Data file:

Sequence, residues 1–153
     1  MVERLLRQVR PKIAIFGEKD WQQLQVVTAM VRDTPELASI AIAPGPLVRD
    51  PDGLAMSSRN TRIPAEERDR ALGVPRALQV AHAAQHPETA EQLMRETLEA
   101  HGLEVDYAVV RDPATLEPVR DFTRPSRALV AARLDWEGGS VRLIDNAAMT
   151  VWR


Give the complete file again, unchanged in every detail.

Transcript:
Sequence, residues 1–153
     1  MVERLLRQVR PKIAIFGEKD WQQLQVVTAM VRDTPELASI AIAPGPLVRD
    51  PDGLAMSSRN TRIPAEERDR ALGVPRALQV AHAAQHPETA EQLMRETLEA
   101  HGLEVDYAVV RDPATLEPVR DFTRPSRALV AARLDWEGGS VRLIDNAAMT
   151  VWR